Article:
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DCS 6. Basic Distributed Algorithms Fundamentals Wei Yuan November,21,2013.

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Presentation on theme: "DCS 6. Basic Distributed Algorithms Fundamentals Wei Yuan November,21,2013."— Presentation transcript:

1 DCS 6. Basic Distributed Algorithms Fundamentals Wei Yuan November,21,2013

2 Outline Physical Clocks Logical Clocks – Lamport’s Logical Clock – Vector Clock Global Snapshots 2

3 Physical Clocks Most computers today keep track of the passage of time with a battery-backed-up CMOS clock circuit, driven by a quartz oscillator. – battery backup to continue measuring time when power is off Two registers with quartz: counter, holding register A Programmable Interval Timer, to generate an interrupt (clock tick) periodically The interrupt service procedure simply adds one to a counter in memory. 3

4 Problem Getting two systems to agree on time – Two clocks hardly ever agree – Quartz oscillators oscillate at slightly different frequencies Clocks tick at different rates – Create ever-widening gap in perceived time – Clock Drift (时钟漂移) Difference between two clocks at one point in time – Clock Skew (时钟偏移) 4

5 Solution 国际原子时间( international atomic time , TAI ) 统一协调时间( Universal coordinated time , UTC ) …… 时间同步算法 5

6 Outline Physical Clocks Logical Clocks – Lamport’s Logical Clock – Vector Clock Global Snapshots 6

7 Lamport’s Logical Clock A distributed system consists of a collection of distinct processes which are spatially separated, and which communicate with one another by exchanging messages. – A network of interconnected computers, the ARPA net – A single computer :the central control unit, the memory units, and the input-output channels are separate processes Lamport L. Time, clocks, and the ordering of events in a distributed system[J]. Communications of the ACM, 1978, 21(7):

8 Lamport’s happened before ( → ) relation Define the "happened before" relation without using physical clocks(partial ordering) Assumption – the system is composed of a collection of processes – Each process consists of a sequence of events – the execution of a subprogram on a computer – the execution of a single machine instruction We are assuming that the events of a process form a sequence, where a occurs before b in this sequence if a happens before b. 8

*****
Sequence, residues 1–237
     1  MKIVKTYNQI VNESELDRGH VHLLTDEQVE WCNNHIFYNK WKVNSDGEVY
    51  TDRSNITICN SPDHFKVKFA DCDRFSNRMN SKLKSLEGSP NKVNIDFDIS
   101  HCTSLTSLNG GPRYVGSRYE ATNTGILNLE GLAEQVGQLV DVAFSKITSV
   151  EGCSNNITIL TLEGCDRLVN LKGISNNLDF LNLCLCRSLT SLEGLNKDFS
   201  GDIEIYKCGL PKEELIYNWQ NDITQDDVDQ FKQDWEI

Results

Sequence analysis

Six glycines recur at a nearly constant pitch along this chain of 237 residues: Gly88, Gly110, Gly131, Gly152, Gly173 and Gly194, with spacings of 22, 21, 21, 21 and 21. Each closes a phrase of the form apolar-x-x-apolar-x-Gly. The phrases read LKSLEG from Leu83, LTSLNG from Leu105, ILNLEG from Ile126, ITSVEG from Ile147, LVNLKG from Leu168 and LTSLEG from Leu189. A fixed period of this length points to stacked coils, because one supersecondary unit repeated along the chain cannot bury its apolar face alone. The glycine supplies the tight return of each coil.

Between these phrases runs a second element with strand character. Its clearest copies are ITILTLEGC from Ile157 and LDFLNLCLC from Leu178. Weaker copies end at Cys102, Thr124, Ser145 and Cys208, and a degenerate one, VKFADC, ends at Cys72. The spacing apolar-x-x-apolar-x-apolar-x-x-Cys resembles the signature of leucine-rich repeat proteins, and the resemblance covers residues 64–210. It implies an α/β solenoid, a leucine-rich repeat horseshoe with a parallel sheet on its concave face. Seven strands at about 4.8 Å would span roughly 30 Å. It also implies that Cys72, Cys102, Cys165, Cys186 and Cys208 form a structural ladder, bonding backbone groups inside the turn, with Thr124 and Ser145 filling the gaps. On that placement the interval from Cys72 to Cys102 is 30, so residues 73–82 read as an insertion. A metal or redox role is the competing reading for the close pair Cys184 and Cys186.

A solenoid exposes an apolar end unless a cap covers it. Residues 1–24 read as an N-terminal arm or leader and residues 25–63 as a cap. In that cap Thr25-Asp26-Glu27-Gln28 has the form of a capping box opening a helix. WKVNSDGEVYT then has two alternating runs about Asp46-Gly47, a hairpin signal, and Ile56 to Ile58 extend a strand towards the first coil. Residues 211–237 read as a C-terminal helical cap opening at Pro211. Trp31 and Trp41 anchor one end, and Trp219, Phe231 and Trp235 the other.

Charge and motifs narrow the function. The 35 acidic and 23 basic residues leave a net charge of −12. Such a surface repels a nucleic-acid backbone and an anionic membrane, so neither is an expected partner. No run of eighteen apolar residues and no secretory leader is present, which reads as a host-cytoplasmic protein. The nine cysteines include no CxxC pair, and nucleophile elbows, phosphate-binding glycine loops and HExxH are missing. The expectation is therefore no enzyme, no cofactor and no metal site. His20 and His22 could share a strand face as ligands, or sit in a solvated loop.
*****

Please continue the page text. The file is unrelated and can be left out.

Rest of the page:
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10 space-time diagram horizontal: space vertical: time dots: events vertical lines: process wavy lines: messages 10

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12 A process’ clock “ticks” – ( 1 ) means that there must be a tick line between any two events on a process line – ( 2 ) means that every message line must cross a tick line 12

13 Event counting example 13

14 Lamport’s logical timestamps 14

15 Event counting example Applying Lamport’s algorithm 15

16 Problem: Identical timestamps Concurrent events (e.g., b & g; i & k) may have the same timestamp … or not Total ordering: every event is assigned a unique timestamp (number), every such timestamp is unique. 16

17 Unique timestamps (total ordering) 17

18 Unique (totally ordered) timestamps 18

19 Problem: Detecting causal relations 19

20 Outline Physical Clocks Logical Clocks – Lamport’s Logical Clock – Vector Clock Global Snapshots 20

21 Vector clocks 21

22 Comparing vector timestamps 22

23 Vector timestamps 23 (0,0,0)

24 Vector timestamps 24 (1,0,0) (0,0,0)

25 Vector timestamps 25 (0,0,0) (1,0,0)(2,0,0)

26 Vector timestamps 26 (1,0,0)(2,0,0) (0,0,0)

27 Vector timestamps 27 (1,0,0)(2,0,0) (0,0,0)

28 Vector timestamps 28 (1,0,0)(2,0,0) (0,0,0)

29 Vector timestamps 29 (1,0,0)(2,0,0) (0,0,0)

30 Vector timestamps 30 (1,0,0)(2,0,0) (0,0,0) Two events are concurrent if neither V(e)≤V(e’) nor V(e’)≤ V(e) Two events are concurrent if neither V(e)≤V(e’) nor V(e’)≤ V(e)

31 Vector timestamps 31 (1,0,0)(2,0,0) (0,0,0)